As part of my pre-Donington World Superbike prep, I decided to run some ISO tests to see what level of noise I would find acceptable as the weather could restrict the amount of light I can play with. This matters because I found my best action photos were at f8 and I needed either a high ISO or lots of light to use the optimum settings. So, I set up a little scene in the back room and put my Canon EOS 400D on a tripod with a cable release and short off some tests at each ISO. Then, for convenience, I loaded them into iPhoto. This was the moment I was knocked back. Noise? Not much, even at ISO 1600. Hang on, the EOS 400D sucks at ISO 1600, surely.
I set up a different, more telling test and shot at all five ISOs again and imported them into Adobe Lightroom and Aperture instead. Aperture, unsurprisingly, gave the same results. Lightroom, however, didn’t. There was the noise.
What we are seeing here isn’t one being better than the other; we’re seeing two different approaches to importing Raw images. Apple like to do the best they can and Adobe let you fend for yourself. As long as you don’t delete the originals, you can try the Adobe Raw Importer and the Apple Raw Importer and work out which one is best for your needs. Me? Well, when I saw the iPad gave me the same noise reduction as iPhoto and Aperture, that made my mind up: I’ll be shooting the action at ISO 400 and people at ISO 100. If it rains and gets dark and the choice is between either using ISO 1600 or not taking a photo, I have no fear.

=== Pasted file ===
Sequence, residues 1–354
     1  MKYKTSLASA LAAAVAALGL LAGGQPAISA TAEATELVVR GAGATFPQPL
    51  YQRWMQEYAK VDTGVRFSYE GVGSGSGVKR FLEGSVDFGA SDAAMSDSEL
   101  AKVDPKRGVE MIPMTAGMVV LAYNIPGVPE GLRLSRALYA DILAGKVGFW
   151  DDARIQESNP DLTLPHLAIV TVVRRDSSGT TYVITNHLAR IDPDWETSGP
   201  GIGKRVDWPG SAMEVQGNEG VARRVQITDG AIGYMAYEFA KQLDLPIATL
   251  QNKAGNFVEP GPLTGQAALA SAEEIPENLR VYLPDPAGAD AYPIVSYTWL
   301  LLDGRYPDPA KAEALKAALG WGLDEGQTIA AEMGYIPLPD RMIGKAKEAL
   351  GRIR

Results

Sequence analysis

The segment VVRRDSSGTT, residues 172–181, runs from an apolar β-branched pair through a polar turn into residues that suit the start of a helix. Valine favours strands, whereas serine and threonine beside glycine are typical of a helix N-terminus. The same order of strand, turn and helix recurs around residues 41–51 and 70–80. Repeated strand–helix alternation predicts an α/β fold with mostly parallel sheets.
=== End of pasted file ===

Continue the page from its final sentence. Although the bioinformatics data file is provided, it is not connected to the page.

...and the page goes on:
Whatever post-processing you do doesn’t matter when you’ve got you’re tweeting trackside with your DSLR and iPad. What matters is how good the picture that you tweet is. I think I’ve got that covered, even at ISO 400.
Comments? Questions? Look down there; there’s a place for you to reply. If you’re interested in the Superbike photos I’ll be taking, they’ll be on MotoRaceReports at the end of the month, as usual.
ps. Yes, I use Raw as opposed to RAW. Why? Because it doesn’t stand for something, it means uncooked.